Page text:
Wednesday, October 08, 2014

          Legal Impact of the Fukushima Disaster Symposium

          Waseda Law School in Tokyo took the lead in organizing compensation for victims.
          Sample alt tag.
          Front row from the left: Hiroshi Fukurai (UCSC), Yoshitaka Wada (Waseda Law School), Setsuo Miyazawa, Nancy Stuart, Richard Marcus, Morris Ratner. Back row from the left: David Makman (Makman & Matz), Kenji Fukuda (Waseda), Keith Hand, Eric Feldman (U Penn Law School), John Kakinuki (Kakinuki Law Office), Takao Suami (Waseda).

          When the earthquake hit off the coast of Japan in March 2011, and the resulting tsunami disabled the Fukushima Daichi nuclear plant and spread radiation, the residents of the town of Namie were forced to relocate en masse.

          There were many pursuant legal issues that had to be addressed: what was the liability of the Japanese government, General Electric (which built the plant), and the Tokyo Electric & Power Company, which operated the plant? How could local governments provide assistance to evacuated residents?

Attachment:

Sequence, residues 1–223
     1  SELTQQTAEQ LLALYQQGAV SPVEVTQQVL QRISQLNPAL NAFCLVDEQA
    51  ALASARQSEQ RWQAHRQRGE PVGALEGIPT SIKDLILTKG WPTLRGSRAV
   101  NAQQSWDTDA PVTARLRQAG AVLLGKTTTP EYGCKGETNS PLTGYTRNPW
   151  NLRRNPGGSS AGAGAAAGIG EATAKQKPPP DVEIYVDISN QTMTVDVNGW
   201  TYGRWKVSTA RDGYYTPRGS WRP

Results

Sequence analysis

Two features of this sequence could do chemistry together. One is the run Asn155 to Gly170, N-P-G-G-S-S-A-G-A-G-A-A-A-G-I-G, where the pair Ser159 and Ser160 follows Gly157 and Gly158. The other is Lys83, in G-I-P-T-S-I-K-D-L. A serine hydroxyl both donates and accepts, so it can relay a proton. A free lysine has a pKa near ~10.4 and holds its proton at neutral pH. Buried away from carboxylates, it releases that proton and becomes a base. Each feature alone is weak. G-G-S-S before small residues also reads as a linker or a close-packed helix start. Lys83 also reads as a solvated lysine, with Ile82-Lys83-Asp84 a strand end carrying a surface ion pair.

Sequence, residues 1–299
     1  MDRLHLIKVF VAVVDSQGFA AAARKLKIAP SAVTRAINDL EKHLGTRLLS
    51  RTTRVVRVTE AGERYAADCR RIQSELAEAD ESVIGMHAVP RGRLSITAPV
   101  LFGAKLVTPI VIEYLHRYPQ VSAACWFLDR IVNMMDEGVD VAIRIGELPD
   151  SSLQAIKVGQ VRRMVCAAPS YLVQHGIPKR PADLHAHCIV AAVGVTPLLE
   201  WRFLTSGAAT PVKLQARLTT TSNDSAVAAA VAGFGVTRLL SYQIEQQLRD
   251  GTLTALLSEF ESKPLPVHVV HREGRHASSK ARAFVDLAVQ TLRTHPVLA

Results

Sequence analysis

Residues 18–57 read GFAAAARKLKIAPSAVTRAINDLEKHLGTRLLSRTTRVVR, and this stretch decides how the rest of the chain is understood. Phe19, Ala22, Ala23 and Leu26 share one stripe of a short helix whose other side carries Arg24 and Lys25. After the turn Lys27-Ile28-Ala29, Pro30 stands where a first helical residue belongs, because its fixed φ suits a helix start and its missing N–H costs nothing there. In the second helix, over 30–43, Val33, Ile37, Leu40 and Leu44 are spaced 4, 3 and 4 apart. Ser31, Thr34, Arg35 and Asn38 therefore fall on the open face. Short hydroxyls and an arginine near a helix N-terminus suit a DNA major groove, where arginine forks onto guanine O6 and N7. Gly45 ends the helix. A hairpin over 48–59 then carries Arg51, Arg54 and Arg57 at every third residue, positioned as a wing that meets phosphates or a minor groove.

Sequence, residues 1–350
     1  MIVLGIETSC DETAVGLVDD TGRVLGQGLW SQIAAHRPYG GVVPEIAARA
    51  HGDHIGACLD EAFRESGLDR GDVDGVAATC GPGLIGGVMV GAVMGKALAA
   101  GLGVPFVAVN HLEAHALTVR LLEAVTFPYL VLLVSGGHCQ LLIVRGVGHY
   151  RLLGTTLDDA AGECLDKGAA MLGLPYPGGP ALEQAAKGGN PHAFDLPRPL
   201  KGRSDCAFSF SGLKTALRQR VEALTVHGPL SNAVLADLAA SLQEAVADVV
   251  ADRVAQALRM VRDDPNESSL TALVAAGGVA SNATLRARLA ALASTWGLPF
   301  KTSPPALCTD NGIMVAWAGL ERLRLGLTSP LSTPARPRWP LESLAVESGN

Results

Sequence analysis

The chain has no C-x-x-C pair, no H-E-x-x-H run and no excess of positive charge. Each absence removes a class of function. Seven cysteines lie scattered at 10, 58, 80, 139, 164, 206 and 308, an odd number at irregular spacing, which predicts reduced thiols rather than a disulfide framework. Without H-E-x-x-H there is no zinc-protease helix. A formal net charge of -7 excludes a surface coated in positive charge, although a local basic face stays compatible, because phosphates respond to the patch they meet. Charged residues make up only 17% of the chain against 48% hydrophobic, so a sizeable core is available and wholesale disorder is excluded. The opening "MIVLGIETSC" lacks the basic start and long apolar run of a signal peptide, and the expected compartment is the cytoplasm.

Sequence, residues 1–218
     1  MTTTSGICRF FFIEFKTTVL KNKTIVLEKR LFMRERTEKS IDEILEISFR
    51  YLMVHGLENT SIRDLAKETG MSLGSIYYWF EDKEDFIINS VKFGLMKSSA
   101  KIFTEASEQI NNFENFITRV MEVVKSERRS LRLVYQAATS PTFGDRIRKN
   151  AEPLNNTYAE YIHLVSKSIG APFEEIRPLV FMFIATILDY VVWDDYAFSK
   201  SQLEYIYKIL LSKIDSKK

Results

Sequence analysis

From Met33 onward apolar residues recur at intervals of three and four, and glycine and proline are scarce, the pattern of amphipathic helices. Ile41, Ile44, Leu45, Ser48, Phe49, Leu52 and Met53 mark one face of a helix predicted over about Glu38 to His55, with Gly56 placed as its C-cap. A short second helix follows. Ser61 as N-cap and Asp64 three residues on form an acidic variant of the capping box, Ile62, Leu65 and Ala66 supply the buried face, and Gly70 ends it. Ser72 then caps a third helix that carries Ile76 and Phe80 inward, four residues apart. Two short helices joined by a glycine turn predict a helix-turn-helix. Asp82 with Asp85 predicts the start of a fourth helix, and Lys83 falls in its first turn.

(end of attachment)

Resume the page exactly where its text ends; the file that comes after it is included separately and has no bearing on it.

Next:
The dearth of lawyers in rural Japan made it almost impossible for victims to pursue justice. Tokyo’s highly regarded Waseda Law School stepped in to help, offering legal assistance to the town of Namie and initiating a project to seek compensation for displaced residents in the special mediation program in the absence of class action, which is not permitted in Japan.

          In this conference at UC Hastings that was held on September, 19, 2014, Professor Ratner and several Waseda-affiliated scholars spoke about these topics. The proceedings will be published in an upcoming issue of the Asian-Pacific Law & Policy Journal.

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